quality and will and act and a world-wide knowledge and a one yet innumerable
delight; for through him we become one with all existences not only in their

essence but in their play of action, see ourself in all and all in ourself, perceive
all knowledge and thought and feeling as motions of the one Mind and Heart, all
energy and action as kinetics of the one Will in power, all Matter and form as
particles of the one Body, all personalities as projections of the one Person, all
egos as deformations of the one and sole real I in existence. In him we no
longer stand separate, but lose our active ego in the universal movement, even
as by the Witness who is without qualities and for ever unattached and
unentangled, we lose our static ego in the universal peace.
Sri Aurobindo, The Synthesis of Yoga, Part One: The Yoga of Divine Works,
Chapter 11, The Master of the Work, pg. 243
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The Levels of Consciousness and the


Ascent of the Soul
Posted on July 25, 2015

It is highly useful for the seeker to have at least a general idea of the various
levels of consciousness and their relation to one another, so as to be able to
recognise the path and the steps to be taken to bring about the integration of
consciousness sought in the integral Yoga.

Sri Aurobindo generally describes this as an upper hemisphere consisting of SatChit-Ananda, Existence, Consciousness-Force and Bliss, which the human mind
cannot conceive of in any real way because it is so far outside our frame of
reference and experience, and a lower hemisphere consisting of Body-Life-Mind,
the levels with which we are intimately familiar and by which we are generally
circumscribed by their ignorance and limitations. Between the two hemispheres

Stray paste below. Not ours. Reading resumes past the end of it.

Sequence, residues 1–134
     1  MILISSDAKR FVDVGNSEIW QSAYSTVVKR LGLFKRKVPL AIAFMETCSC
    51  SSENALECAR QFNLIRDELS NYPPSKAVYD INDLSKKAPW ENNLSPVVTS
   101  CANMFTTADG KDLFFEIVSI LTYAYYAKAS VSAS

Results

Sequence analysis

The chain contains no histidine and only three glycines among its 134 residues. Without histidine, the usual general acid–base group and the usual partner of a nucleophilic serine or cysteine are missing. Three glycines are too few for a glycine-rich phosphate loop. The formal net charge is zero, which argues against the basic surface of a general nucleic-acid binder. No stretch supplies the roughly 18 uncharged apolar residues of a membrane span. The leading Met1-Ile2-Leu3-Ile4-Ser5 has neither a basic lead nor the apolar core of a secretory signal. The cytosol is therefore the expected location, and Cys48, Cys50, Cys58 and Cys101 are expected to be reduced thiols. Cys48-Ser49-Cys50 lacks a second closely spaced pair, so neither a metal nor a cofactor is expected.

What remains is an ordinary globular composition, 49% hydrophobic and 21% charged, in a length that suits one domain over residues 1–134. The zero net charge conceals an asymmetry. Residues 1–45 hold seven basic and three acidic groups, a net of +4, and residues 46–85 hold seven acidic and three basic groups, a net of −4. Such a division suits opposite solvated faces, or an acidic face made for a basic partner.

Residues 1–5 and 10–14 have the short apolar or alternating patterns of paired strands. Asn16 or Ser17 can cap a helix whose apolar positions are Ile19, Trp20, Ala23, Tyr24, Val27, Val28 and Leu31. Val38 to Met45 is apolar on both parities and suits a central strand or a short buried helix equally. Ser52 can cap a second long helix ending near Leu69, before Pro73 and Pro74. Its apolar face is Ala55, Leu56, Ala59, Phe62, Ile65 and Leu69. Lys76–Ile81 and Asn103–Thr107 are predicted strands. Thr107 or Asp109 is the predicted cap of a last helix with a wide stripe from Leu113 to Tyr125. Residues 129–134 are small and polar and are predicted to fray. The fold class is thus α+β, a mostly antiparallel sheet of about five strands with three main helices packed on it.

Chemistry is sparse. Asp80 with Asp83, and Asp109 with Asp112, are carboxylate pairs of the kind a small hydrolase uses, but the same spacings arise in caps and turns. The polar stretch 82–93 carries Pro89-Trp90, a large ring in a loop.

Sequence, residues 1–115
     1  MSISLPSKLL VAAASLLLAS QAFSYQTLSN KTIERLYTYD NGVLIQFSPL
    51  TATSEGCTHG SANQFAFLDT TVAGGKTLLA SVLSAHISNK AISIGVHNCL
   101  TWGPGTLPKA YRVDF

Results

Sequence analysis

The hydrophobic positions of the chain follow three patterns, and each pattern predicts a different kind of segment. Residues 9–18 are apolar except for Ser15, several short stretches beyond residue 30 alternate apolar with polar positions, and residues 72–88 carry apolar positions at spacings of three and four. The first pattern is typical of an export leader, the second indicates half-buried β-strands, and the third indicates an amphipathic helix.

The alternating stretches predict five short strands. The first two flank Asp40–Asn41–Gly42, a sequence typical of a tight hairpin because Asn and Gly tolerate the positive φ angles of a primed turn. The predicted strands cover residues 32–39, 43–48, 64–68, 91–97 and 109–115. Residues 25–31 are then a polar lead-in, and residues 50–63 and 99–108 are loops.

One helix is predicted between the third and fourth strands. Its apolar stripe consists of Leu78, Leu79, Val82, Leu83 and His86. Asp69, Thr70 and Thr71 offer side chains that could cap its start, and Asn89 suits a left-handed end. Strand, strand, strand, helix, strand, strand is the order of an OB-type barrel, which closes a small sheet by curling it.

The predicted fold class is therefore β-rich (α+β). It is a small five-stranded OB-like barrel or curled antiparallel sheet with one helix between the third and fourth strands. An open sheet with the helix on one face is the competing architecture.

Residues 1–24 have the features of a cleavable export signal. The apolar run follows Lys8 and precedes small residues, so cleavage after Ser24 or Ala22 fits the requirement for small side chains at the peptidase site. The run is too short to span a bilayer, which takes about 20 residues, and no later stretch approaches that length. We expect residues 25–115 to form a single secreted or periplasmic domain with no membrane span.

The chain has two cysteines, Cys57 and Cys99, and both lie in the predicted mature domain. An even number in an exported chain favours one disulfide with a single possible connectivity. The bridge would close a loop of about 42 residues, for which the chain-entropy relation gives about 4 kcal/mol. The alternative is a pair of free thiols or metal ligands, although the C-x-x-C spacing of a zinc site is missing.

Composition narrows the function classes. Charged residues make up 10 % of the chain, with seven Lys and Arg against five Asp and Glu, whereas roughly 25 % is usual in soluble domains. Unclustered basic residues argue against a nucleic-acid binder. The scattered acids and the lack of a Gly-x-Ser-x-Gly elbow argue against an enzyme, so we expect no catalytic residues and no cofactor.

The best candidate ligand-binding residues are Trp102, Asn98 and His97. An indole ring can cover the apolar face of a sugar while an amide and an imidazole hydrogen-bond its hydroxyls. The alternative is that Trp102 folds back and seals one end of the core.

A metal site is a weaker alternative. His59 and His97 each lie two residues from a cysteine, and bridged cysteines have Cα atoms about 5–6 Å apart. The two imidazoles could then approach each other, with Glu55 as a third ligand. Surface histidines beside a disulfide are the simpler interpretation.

lies an integrating consciousness, which Sri Aurobindo has called the Supermind.
There are of course intermediate stages between the Mental and the
Supramental level, and our highest flights of non-linear experience, which we
call intuition, revelation, illumination, or inspiration are the first strivings of the
being to escape the limits of the mental consciousness and begin to relate to
and experience these intermediate levels of ascent toward the true supramental
consciousness.
The supramental consciousness itself acts as the power that relates the pure
Sat-Chit-Ananda of the higher hemisphere. It acts as something of a step-down
transformer to distribute this pure higher consciousness into the limited and
limiting forms of mind-life-body and set up an interaction between these limited
forms that can progressively manifest the intention of the Divine. There is thus a
descent of consciousness moderated and mediated by the Supermind. This
supramental consciousness also acts as the bridge for the ascent of
consciousness as it evolves out of the limiting forms of mind-life-body to rejoin
the pure Divine Consciousness in a comprehensive way.
Sri Aurobindo explains: Proceeding from the level of absolute divine Existence
there is a sort of golden corona of Light, Power, Bliss and Trutha divine TruthConsciousness as the ancient mystics called it, a Supermind, a Gnosis, with
which this world of a lesser consciousness proceeding by Ignorance is in secret
relation and which alone maintains it and prevents it from falling into a
disintegrated chaos. The powers we are now satisfied to call gnosis, intuition or
illumination are only fainter lights of which that is the full and flaming source,
and between the highest human intelligence and it there lie many levels of
ascending consciousness, highest mental or overmental, which we would have
to conquer before we arrived there or could bring down its greatness and glory
here. Yet, however difficult, that ascent, that victory is the destiny of the human
spirit and that luminous descent or bringing down of the divine Truth is the
inevitable term of the troubled evolution of the earth-nature; that intended
consummation is its raison detre, our culminating state and the explanation of
our terrestrial existence.
He concludes: it is only by the ascent and victory of the Soul here in the body
that the disguises can fall away and the dynamis of the supreme Truth replace
this tangled weft of half-truth that becomes creative error, this emergent
Knowledge that is converted by its plunge into the inconscience of Matter and
its slow partial return towards itself into an effective Ignorance.

Sri Aurobindo, The Synthesis of Yoga, Part One: The Yoga of Divine Works,
Chapter 11, The Master of the Work, pp. 242-243